When asked what kind of team or situation would be conducive to Giddey thriving as a rookie, Ebersole confidently said “anywhere.”
“I don't think there's necessarily one team or type of team that sticks out,” Ebersole said. “I think he does have such a versatile game that he'll be able to have an impact anywhere he goes... He's sort of proven that he can be that primary ball-handler, lead operator out of the pick-and-roll. But if he goes to a team where he's asked to play off the ball and go into some of those secondary actions, I think he's fully capable of doing that as well. When he was with our Academy, he played both roles at different points, so I think he's fully capable offensively playing either role.
“Defensively, I think that's one part of his game that people may be questioning. But I think he actually has a chance, just given his size, to be a multi-positional defender too and be able to guard multiple positions. He's versatile on both sides of the ball, and that's gonna allow him to thrive [in] whatever situation that may be. I think he's got a good chance – whether it's the primary guy or the secondary ball-handler – to impact offenses and keep the ball moving, which is his number one NBA skill at this point.”
"I love passing the ball and he loved shooting the ball"— NBA Australia (@NBA_AU) July 25, 2021
🇦🇺 @joshgiddey on his friendship with @Adelaide36ers guard and fellow NBA Academy alumni @Mojaveee and how they continue to push each other. #GiddeyUp
Watch the 2021 NBA Draft, July 30 on @ESPNAusNZ and NBA League Pass. pic.twitter.com/IyEf9UQiyt
Ebersole acknowledges that he's impressed with how Giddey has handled the pre-draft process and the hype surrounding him. The 18-year-old has approached it with humility, staying grounded and true to himself while “keeping those blinders on.”
“I don't think it's easy for a young person to have this amount of pressure and success and expectation placed upon them in such a short amount of time, especially in Josh's case – where only a few years ago, he was not on anyone's radar in terms of the NBA-draft potential,” Ebersole said. “[It] speaks to the type of worker he is, the type of focus he has.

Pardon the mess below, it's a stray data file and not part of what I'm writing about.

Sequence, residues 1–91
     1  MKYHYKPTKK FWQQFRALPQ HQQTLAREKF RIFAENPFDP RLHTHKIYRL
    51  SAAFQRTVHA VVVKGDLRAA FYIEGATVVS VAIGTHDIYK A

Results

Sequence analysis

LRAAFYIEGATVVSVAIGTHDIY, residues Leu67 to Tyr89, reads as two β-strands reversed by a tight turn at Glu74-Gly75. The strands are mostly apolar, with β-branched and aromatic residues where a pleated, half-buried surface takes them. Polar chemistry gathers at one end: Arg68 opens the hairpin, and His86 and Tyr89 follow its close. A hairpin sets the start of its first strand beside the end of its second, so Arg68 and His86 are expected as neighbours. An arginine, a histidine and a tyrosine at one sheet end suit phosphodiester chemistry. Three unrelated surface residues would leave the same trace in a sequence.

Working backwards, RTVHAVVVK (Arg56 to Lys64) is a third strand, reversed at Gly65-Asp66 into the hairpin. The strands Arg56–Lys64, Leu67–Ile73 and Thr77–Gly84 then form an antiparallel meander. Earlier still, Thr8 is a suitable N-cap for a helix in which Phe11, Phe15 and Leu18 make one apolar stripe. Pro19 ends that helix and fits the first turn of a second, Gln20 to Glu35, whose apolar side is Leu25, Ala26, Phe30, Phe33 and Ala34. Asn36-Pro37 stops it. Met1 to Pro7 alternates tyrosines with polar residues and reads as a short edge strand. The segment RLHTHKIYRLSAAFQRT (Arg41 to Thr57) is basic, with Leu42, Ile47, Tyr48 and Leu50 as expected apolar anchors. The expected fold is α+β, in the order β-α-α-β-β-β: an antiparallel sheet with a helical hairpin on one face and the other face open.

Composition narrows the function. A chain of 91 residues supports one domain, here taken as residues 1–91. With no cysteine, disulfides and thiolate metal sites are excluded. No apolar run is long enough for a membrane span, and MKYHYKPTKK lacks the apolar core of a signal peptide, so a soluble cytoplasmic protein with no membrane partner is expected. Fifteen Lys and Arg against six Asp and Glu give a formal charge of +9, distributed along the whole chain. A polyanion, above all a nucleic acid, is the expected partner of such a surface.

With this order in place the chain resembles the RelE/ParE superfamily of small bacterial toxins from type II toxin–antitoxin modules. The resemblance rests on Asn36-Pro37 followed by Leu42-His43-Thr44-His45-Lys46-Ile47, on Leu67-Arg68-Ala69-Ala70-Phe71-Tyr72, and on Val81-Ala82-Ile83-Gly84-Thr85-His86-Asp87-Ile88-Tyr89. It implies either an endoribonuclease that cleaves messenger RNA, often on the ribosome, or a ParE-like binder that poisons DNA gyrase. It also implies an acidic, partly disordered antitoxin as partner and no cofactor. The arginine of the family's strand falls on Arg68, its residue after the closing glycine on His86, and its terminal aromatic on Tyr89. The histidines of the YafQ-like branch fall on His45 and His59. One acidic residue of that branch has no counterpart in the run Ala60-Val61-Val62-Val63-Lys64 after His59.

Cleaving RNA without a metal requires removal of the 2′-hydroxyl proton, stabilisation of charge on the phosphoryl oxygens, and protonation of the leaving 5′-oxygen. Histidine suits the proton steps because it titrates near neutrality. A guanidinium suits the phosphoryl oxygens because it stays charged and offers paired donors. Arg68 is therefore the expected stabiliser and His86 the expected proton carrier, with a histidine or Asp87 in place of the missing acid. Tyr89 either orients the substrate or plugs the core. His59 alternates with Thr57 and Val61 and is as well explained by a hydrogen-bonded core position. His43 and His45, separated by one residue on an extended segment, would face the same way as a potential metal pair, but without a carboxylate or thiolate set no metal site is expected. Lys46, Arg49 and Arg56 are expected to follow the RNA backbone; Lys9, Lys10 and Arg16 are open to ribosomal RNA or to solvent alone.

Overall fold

"And that, of course, bodes well for his future – because once he gets to the NBA, that noise only grows. The fact that he's been able to sort of stay on course through all of this and not get side-tracked or distracted, I think, speaks to that character he has.”
In a day’s time, Giddey will hear his name called by NBA Commissioner Adam Silver.
“It's a dream come true for him to be drafted, and I think even for him growing up, this was obviously a dream, but only in the last two years has it really accelerated and evolved into reality,” Ebersole said. “I think for him, it's somewhat surreal – but I know he's really excited and probably somewhat anxious to figure out where he's going to end up, as is the case, I think, with every prospect in the draft. But I think he's just beyond excited to finally realize his dream.”
And the moment that Silver utters those words, Ebersole will not only be happy for Giddey, but for those who will come after him in the NBA Global Academy.
“We're definitely proud of him, obviously. To have our first graduate to be drafted be somebody like Josh – who's a selfless player, who has just a great approach to the game and approach to life – I think it makes it that much more special,” Ebersole said. "I think it opens the doors to future breakthroughs.
"Our first draft pick in the 2021 draft will likely be Josh, and then you turn around and look at the door that’s gonna open. In 2022, we expect to have multiple draft picks coming out of the NBA Academy program. We've now had NBA-Academy alumni in each of the first two years of the G League Ignite program (Princepal Singh and Dyson Daniels) and expect that to continue to grow... It's going to inspire future generations. There's a generation of young Australian players who are looking up to Dyson Daniels, young Argentinian players looking up to Francisco [Caffaro], young Indian players looking up to Princepal Singh. All of these individual successes are great in their own right, but they also open up the possibilities to so many others, so that's the part that really gets us excited. It's much bigger than any one player.”
Giddey echoes those sentiments, and is honored to be a part of a global movement in basketball that is only getting stronger.
“On the international scale, you see how big the game’s growing worldwide, outside of America. I think it’s good for players all around the world because they can look at role models in their countries and see how well they’re doing, and it allows the next generation to come through," Giddey said. "So, it’s exciting times for basketball all around the world. And I think it’s evident now, with countries beating the States – when 10 years ago, it was America just dominating on a world stage. So, it’s really good to see.”
BasketballNews.com's Senior NBA Draft Analyst Matt Babcock has Josh Giddey projected to go No. 7 overall to the Golden State Warriors in his latest 2021 NBA Mock Draft.